Why I Don’t Want Elizabeth Warren to Make Me a Sandwich

When it comes to bizarre demands for government intervention in trivial matters, US Senator Elizabeth Warren (D-MA) is the gift that keeps on giving. Try as I may to tear myself away from watchng the slow motion train wrecks of her ideas and cast my gaze on similar weirdness from other politicians, she just tops everyone else on a regular basis and I can’t resist the temptation to talk about her again.

This time, it’s sandwiches.

Yes, really.

And not in the vein of the misogynous “make me a sandwich” meme. In point of fact, she just might be the last person on the planet I’d delegate sandwich-making duty to. Not because I assume she wouldn’t be good at it — she contributed several supposedly Cherokee-related family recipes to a cookbook in the 1990s, after all! — but because I know that no matter what I asked for, I’d end up with whatever Elizabeth Warren thought I should eat.

“We don’t need another private equity deal that could lead to higher food prices for consumers,” Warren tweeted (or whatever) on November 26. “The @FTC is right to investigate whether the purchase of @SUBWAY by the same firm that owns @jimmyjohns and @McAlistersDeli creates a sandwich shop monopoly.”

Such an FTC investigation would presumably take about half a minute to discover the existence of Jersey Mike’s, Firehouse Subs, Quiznos, Blimpie, and a gazillion other sandwich shops of both the chain and small business variety. Not to mention the existence of stores where bread, meat, cheese, etc. can be purchased, and homes with refrigerators, counters, etc. where the ingredients can be stored and assembled at the diner’s leisure.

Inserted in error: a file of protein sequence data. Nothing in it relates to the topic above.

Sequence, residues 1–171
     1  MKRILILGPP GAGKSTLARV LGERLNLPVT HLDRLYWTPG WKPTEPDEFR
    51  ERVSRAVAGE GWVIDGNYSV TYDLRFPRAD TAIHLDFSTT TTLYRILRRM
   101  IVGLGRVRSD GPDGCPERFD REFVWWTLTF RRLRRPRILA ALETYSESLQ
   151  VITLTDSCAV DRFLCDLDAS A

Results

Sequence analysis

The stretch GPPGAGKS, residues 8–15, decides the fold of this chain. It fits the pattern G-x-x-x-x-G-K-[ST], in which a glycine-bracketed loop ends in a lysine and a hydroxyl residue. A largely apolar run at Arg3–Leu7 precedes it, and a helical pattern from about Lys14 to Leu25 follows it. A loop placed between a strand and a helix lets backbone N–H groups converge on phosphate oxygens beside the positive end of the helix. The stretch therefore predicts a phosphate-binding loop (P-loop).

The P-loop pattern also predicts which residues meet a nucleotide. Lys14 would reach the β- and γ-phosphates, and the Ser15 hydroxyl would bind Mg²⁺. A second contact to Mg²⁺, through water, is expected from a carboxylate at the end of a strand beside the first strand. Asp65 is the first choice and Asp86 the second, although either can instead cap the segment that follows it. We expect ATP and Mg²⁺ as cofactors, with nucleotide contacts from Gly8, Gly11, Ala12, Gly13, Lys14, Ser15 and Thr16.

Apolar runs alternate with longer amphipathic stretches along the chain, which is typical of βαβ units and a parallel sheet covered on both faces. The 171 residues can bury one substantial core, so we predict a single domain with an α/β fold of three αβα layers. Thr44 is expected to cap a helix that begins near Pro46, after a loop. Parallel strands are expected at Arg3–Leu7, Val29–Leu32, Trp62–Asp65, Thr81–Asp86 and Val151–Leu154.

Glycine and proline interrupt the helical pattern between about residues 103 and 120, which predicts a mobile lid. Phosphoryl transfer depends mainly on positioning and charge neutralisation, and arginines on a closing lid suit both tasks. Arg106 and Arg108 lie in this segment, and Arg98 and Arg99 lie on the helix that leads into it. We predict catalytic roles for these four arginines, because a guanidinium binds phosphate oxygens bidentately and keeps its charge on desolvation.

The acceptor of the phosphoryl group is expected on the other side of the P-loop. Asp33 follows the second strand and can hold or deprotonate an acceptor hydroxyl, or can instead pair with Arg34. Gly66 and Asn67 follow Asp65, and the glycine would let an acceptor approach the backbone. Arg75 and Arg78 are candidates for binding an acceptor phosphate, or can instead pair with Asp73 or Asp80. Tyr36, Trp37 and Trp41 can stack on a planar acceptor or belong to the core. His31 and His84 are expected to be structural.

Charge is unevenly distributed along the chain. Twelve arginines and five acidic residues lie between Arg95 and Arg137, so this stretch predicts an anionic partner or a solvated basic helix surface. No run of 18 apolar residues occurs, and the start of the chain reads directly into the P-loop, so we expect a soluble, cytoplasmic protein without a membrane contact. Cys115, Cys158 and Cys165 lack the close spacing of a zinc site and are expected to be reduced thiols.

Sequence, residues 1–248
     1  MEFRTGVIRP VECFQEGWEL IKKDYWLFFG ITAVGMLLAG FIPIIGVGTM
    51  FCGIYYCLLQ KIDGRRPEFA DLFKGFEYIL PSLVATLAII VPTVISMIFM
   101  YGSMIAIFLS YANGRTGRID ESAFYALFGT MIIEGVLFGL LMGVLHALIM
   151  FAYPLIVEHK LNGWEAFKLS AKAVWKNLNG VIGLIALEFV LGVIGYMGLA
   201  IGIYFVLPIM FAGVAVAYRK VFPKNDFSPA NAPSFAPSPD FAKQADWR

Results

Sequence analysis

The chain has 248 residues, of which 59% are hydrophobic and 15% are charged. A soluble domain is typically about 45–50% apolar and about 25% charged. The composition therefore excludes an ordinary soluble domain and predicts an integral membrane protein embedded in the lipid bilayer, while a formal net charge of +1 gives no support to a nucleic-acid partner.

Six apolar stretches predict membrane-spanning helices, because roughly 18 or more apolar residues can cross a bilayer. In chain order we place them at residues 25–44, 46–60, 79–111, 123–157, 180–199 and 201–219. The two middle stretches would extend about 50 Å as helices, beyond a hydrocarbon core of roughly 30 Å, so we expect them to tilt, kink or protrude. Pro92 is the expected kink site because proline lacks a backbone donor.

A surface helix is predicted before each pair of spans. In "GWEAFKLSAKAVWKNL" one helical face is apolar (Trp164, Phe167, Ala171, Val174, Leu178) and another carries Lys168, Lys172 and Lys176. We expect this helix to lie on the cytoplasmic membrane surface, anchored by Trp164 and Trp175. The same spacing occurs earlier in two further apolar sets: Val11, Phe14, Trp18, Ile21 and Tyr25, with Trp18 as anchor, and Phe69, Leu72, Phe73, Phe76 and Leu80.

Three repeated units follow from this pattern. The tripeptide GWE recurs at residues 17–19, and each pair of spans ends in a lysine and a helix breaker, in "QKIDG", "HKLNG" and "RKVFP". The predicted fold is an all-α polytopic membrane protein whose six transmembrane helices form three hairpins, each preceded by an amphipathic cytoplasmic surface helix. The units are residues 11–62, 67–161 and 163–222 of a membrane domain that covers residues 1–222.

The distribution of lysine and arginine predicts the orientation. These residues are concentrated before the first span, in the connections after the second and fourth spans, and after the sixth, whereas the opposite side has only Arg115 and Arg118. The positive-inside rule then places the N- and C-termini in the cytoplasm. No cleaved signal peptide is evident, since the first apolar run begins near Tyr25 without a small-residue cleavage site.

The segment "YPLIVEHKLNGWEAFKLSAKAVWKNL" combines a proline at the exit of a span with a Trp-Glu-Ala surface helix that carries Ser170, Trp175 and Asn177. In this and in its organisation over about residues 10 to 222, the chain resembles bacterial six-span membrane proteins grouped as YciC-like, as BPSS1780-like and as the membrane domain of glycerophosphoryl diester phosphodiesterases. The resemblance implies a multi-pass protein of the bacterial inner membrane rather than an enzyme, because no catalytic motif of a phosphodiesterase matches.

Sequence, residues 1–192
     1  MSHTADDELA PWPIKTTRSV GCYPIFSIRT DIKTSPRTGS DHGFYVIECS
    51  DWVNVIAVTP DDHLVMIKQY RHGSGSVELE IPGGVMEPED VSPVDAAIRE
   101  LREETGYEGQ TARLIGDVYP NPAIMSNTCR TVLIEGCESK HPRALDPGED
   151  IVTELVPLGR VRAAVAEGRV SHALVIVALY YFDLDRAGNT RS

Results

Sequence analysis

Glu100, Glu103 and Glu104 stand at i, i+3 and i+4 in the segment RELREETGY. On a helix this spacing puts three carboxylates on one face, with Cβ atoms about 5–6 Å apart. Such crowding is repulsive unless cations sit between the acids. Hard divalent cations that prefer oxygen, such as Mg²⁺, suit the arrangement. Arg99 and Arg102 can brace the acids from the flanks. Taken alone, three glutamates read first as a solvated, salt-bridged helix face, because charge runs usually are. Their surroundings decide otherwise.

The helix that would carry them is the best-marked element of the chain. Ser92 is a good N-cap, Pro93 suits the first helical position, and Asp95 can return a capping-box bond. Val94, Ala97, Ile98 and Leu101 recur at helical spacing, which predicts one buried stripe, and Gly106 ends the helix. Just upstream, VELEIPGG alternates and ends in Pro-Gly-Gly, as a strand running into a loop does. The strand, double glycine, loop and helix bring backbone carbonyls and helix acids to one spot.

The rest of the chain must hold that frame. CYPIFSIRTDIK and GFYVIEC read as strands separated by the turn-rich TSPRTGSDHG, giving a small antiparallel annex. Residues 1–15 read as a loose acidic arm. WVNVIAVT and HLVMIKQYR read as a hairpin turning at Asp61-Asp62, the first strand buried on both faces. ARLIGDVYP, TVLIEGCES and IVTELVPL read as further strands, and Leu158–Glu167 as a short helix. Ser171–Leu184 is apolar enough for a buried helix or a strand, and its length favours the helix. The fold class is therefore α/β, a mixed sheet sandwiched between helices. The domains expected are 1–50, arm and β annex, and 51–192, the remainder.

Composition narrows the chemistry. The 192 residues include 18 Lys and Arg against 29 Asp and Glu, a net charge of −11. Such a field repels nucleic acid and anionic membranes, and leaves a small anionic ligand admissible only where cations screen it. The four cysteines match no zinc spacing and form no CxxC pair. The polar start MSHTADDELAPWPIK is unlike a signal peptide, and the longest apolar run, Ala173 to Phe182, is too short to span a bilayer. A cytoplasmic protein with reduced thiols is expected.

It’s not so much that Warren seeks solutions to non-problems as that she considers it a problem — or at least an oversight — whenever she happens across something, anything, anywhere, that she’s not been put in charge of supervising.

And it’s not that she’s different from other politicians in that respect. Generally speaking, all politicians have a lot in common with the rest of us — we want to run our own lives, and they want to run our lives too.

But the areas she picks to address make one wonder just what the hell she’s doing to earn her $174,000 US Senate salary. She clearly has plenty of spare time and energy to spend worrying about American sandwich consumption, and no time or energy at all to spend on actually looking into whether that worry is warranted.

There is no “sandwich shop monopoly.” There’s not GOING to be any “sandwich shop monopoly” even if Roark Capital adds Subway to its portfolio.

In fact, the only truly dangerous monopoly in America is the one Elizabeth Warren affiliates herself with: Government.

Thomas L. Knapp (Twitter: @thomaslknapp) is director and senior news analyst at the William Lloyd Garrison Center for Libertarian Advocacy Journalism (thegarrisoncenter.org). He lives and works in north central Florida.